Response of an actin filament network model under cyclic stretching through a coarse grained Monte Carlo approach.
Any type of content formally published in an academic journal, usually following a peer-review process.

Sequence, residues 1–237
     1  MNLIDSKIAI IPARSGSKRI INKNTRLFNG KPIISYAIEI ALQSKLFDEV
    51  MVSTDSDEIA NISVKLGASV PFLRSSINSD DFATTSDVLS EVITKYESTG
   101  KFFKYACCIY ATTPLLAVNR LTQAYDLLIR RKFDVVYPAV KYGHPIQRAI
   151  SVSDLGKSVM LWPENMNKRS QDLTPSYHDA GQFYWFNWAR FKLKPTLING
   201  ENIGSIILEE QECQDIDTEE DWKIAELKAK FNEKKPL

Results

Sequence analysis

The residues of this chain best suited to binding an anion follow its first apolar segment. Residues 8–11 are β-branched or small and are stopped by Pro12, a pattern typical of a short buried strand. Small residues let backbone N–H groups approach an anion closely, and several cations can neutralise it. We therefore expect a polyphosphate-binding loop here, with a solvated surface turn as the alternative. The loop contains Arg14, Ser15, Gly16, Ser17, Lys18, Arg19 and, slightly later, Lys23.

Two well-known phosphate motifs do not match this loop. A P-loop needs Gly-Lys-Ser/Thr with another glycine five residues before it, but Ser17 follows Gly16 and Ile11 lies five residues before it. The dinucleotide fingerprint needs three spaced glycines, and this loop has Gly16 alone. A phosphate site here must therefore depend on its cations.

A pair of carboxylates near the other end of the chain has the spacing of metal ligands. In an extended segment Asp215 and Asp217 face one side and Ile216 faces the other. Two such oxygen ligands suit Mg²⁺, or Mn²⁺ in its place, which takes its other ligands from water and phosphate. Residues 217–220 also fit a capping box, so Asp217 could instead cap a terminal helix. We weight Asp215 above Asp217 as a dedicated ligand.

Cells are complex, dynamic systems that actively adapt to various stimuli including mechanical alterations. Central to understanding cellular response to mechanical stimulation is the organization of the cytoskeleton and its actin filament network. In this manuscript, we present a minimalistic network Monte Carlo based approach to model actin filament organization under cyclic stretching. Utilizing a coarse-grained model, a filament network is prescribed within a two-dimensional circular space through nodal connections. When cyclically stretched, the model demonstrates that a perpendicular alignment of the filaments to the direction of stretch emerges in response to nodal repositioning to minimize net nodal forces from filament stress states. In addition, the filaments in the network rearrange and redistribute themselves to reduce the overall stress by decreasing their individual stresses. In parallel, we cyclically stretch NIH 3T3 fibroblasts and find a similar cytoskeletal response. With this work, we test the hypothesis that a first-principles mechanical model of filament assembly in a confined space is by itself capable of yielding the remodeling behavior observed experimentally. Identifying minimal mechanisms sufficient to reproduce mechanical influences on cellular structure has important implications in a diversity of fields, including biology, physics, medicine, computer science, and engineering.